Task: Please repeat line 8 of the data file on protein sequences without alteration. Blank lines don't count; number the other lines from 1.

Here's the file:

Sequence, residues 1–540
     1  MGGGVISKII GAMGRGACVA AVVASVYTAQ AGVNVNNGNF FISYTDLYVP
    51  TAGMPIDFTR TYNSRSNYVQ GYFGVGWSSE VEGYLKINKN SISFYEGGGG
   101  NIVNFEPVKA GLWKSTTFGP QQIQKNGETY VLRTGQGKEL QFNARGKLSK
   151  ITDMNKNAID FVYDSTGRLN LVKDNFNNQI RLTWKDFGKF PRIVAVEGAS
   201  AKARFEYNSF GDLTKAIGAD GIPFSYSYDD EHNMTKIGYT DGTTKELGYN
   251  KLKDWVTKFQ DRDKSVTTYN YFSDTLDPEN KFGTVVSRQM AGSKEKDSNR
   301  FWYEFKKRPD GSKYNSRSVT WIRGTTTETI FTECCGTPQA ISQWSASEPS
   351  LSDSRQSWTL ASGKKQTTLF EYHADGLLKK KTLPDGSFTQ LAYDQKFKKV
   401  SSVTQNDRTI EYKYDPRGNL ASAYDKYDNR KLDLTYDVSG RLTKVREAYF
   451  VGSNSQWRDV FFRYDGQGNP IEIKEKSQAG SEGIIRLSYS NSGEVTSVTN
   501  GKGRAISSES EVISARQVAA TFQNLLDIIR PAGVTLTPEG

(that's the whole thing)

   301  FWYEFKKRPD GSKYNSRSVT WIRGTTTETI FTECCGTPQA ISQWSASEPS